Brian Blaschke thought he had positioned himself well to survive the economic downturn. A construction industry veteran, he switched careers in 2007 into construction defect investigation for an insurance company. Fourteen months later, he was laid off anyway.
He hasn't brought home a full-time salary or benefits since November 2008.
"I've picked up bits and pieces of work," said Blaschke, 54, who lives in West Sacramento. "I had a six-month contract with a company. But mostly, I've done handyman services. I put a flier out, and I work a day here and a day there. I make ends meet."
For baby boomers, especially those in their 50s who are too young to qualify for Social Security benefits, today's tough economic reality is at odds with their long-held job expectations. They're supposed to be in the prime of their careers, their peak earning years.
Instead, they're fighting simply to stay employed.
"People are looking for job security, but it's a different game now," said Sacramento workplace expert Carleen MacKay. "And they're scared to death.
"You can't hope for the last train back to the good times."
Urban Institute research shows that the unemployment rate for both men and women in their 50s ticked up last year, with older men lacking college degrees being hardest hit.
People 55 and older who have been laid off take longer than younger people to find new work 52 weeks, as opposed 35, according to the Bureau of Labor Statistics and many find they have to cobble together two or three jobs to make a decent income.
What's worse, the recession and the nation's shifting demographics bring a harsh mixed message for baby boomers at midlife: They can't find work today, but they won't be able to retire tomorrow.
There are simply too few jobs today and too many younger workers willing to work for less money, making the job search a nightmare for baby boomers who have endured layoffs.
But by 2025, experts say, there will be too many jobs that need to be filled and too few younger workers available to take them.
Good thing that more than 80 percent of baby boomers (currently aged 48 to 65) say they want to continue working well past what used to be considered retirement age.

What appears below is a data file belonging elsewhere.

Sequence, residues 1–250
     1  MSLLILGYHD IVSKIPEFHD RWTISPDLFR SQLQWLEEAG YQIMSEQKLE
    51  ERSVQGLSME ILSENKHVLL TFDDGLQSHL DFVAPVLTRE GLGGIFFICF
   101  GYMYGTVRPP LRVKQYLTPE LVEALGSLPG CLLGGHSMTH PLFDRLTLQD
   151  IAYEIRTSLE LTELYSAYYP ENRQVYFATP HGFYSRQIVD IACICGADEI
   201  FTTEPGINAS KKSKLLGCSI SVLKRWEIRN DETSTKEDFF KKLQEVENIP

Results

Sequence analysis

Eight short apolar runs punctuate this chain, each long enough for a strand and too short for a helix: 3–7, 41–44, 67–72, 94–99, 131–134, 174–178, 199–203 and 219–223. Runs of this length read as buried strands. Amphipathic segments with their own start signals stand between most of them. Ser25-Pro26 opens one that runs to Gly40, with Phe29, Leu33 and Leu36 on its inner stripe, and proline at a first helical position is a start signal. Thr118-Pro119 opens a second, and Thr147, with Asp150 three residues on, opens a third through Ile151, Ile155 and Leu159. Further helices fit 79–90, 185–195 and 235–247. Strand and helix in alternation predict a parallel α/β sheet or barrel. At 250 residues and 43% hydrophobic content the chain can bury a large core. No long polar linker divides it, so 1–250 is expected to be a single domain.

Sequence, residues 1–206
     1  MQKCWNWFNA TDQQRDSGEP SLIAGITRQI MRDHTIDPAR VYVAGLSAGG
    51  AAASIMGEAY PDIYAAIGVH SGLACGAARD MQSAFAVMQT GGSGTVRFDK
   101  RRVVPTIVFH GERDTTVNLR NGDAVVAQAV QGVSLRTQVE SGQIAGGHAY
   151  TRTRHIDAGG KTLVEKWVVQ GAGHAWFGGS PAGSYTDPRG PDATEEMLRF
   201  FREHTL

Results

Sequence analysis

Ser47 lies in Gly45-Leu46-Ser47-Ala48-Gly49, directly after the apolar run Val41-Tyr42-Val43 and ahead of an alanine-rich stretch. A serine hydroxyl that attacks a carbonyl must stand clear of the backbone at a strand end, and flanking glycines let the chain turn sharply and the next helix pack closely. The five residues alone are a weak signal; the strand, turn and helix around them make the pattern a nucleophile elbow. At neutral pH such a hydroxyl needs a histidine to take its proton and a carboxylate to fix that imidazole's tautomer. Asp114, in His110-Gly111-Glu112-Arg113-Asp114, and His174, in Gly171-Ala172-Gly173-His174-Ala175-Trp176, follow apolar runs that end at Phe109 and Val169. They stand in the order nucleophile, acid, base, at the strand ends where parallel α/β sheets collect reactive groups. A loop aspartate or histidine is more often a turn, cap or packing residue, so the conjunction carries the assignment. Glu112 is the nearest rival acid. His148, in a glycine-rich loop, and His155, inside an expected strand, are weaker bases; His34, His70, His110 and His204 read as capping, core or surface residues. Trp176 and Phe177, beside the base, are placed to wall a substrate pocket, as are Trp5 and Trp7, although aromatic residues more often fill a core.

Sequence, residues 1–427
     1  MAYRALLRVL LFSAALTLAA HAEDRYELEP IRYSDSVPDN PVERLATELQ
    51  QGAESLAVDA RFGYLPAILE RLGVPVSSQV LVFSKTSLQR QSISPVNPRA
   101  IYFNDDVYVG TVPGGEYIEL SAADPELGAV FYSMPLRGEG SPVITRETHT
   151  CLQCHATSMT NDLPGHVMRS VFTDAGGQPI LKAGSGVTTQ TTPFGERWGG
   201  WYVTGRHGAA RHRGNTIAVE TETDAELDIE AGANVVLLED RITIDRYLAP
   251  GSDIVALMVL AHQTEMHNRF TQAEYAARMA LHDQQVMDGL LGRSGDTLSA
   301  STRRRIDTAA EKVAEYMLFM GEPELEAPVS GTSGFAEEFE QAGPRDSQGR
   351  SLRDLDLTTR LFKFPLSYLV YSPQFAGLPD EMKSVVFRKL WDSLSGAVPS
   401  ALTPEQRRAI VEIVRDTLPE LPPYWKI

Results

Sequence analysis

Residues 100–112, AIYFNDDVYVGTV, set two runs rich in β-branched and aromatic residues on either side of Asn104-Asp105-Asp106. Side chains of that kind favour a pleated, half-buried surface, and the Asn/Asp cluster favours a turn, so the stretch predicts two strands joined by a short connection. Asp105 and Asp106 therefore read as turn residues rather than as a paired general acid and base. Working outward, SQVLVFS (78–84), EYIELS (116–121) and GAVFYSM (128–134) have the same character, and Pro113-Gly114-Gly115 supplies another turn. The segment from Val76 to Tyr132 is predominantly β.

"The generation after the boomers is small, so more boomers will need to work to have the economy function," said AARP California spokesman Mark Beach. "That's just demographics.
"Corporate culture hasn't necessarily caught up yet, but workers who are 50 and older will be a critical part of the workplace going forward."
The numbers are already on the rise, if only because the baby boom generation is so large. Fiftysomethings accounted for almost one-third of employed Americans last year, says the BLS, up from 20 percent in 1996.
Yet their role in today's workplace remains in flux.
On top of the 3.4 million Americans in their 50s who lost their jobs in 2010, according to the Sloan Center on Aging and Work, millions more were able to find only part-time work and were considered underemployed.
"If you're not needed full time, you won't be hired full time," said MacKay. "Too many people in the job market are looking for what used to be, not for what is."
Since a layoff in 2008, Web application developer Charles Russell has had a few contracts for short-term work. He hasn't yet found steady employment and worries that he'll lose his Citrus Heights home to foreclosure.
"I'm underemployed right now," said Russell, 55. "I'll work for myself, or I'll work for somebody else. I don't care where the check comes from, as long as it's a check."
Roseville communications executive Cynthia Moore has been laid off four times since 2000, most recently in June 2009. Last November, she took a position as a program director for a Sacramento nonprofit.
"Being laid off was a very challenging time," said Moore, 51. "It forced me to step back and look at my goals in life. I had to evaluate my quality of life.
"I wouldn't downplay the challenges, because a lot of people are still going through them. But for me, it put things in perspective. It was a kind of gift."
That's what Brian Blaschke has decided, too.
Unemployment has been wrenching for him: His marriage ended, he says, and besides doing handyman work to survive, he had to liquidate his 401(k).
But now he's starting his own company, Waterstone Construction Services, to install solar water heaters for restaurants and retirement homes. He needs a steady income, but more than that, he wants to resume a meaningful career.
"I'm creating my own," he said. "I've given this a lot of thought, and I'm taking action.
"I don't need a corporate job. I don't trust corporations any more. I may not make my old salary, but I'm in charge of my own destiny."